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Opinion: Video lottery terminals mean bad news for our communities

Over the past few years, I have been noticing a shocking trend plaguing our communities. Cropping up everywhere are video lottery terminals (VLTs) at convenience stores, strip malls, and bars across the state. These VLTs are gambling devices designed to pay out to customers at specific, random times when customers play. 

Bill Owen

As a conservative, I am concerned about the spread of gambling throughout the state and into our local communities. These VLTs exist largely unregulated, and in some instances, downright illegally in rest stops across the state. They are turning areas of public accommodation into makeshift casinos. I have heard horror stories of people becoming addicted to these terminals. People can cash their checks on Friday, walk into the nearest convenience station, and sit in front of a machine for hours, hoping for a payout. I do not think that gambling should be spread throughout local communities like this.

 Even more concerning is the fact that young children are exposed to gambling in these very public areas. These VLTs are a danger to our children because it can entice them to start gambling without supervision. Technically speaking, only adults are allowed to play at these VLT stations. However, the priorities of gas station clerks and bartenders are not focused on monitoring the VLT stations. It is easily conceivable that a 14-year old with their own debit card (or their parents’) could sit at this machine for hours and slowly become addicted to gambling, all without supervision.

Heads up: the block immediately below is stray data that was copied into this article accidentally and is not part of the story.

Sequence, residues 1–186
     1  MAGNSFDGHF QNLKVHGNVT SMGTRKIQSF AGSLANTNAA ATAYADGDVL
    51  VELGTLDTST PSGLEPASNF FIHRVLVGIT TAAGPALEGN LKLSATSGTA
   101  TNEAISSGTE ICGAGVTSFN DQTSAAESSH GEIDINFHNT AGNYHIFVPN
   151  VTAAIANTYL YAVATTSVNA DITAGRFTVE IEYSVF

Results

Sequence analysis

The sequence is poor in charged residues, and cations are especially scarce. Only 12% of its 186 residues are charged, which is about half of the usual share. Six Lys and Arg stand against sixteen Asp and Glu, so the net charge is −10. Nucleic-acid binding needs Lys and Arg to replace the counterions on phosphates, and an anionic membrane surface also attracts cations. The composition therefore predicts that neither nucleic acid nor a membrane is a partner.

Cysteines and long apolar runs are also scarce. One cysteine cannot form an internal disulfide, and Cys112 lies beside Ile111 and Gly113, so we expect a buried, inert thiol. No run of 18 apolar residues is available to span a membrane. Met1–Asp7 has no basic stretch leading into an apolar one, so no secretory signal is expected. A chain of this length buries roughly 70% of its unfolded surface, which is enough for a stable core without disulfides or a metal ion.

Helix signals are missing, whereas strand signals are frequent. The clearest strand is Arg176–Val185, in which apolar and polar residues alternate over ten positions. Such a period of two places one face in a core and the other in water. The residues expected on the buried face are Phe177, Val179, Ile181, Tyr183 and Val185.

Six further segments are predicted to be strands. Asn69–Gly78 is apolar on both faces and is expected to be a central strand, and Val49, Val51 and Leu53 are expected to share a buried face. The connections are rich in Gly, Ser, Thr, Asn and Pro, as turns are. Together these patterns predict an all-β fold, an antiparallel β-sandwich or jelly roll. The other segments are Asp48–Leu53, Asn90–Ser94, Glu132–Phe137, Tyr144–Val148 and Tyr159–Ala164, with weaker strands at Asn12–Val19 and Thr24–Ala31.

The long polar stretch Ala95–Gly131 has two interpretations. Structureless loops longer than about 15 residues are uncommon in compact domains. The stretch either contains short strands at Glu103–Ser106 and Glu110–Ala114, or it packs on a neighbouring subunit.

These VLTs pose a new risk of gambling addiction and illegal gambling not seen elsewhere in this state. There is a reason Missouri voters approved gambling in Casinos–casinos are only open to adults, they are regulable, and they enforce rules and procedures. Furthermore, the Casinos create income, jobs, and tax revenue for a local community. These VLTs, however, only create jobs for the 1 or 2 technicians who service the machines, and the money is largely kept by the owners of the machines. The risks of the machines far outweigh the rewards in these circumstances.

There are no gatekeepers or supervisors for these VLT machines, children can largely walk up and start playing. We have a duty to raise our children properly, and where it is apparent there is a risk of exposing gambling to young minds in so many public places, then we must take action to protect our kids and communities from these dangers. Our government should take action to police and crack down the illegal expansion of these machines, and Missourians should be wary of attempts to legalize and expand the use of VLTs. Whatever promised benefits are far outweighed by the risk of degradation of our neighborhoods and the risks of gambling addiction it imposes.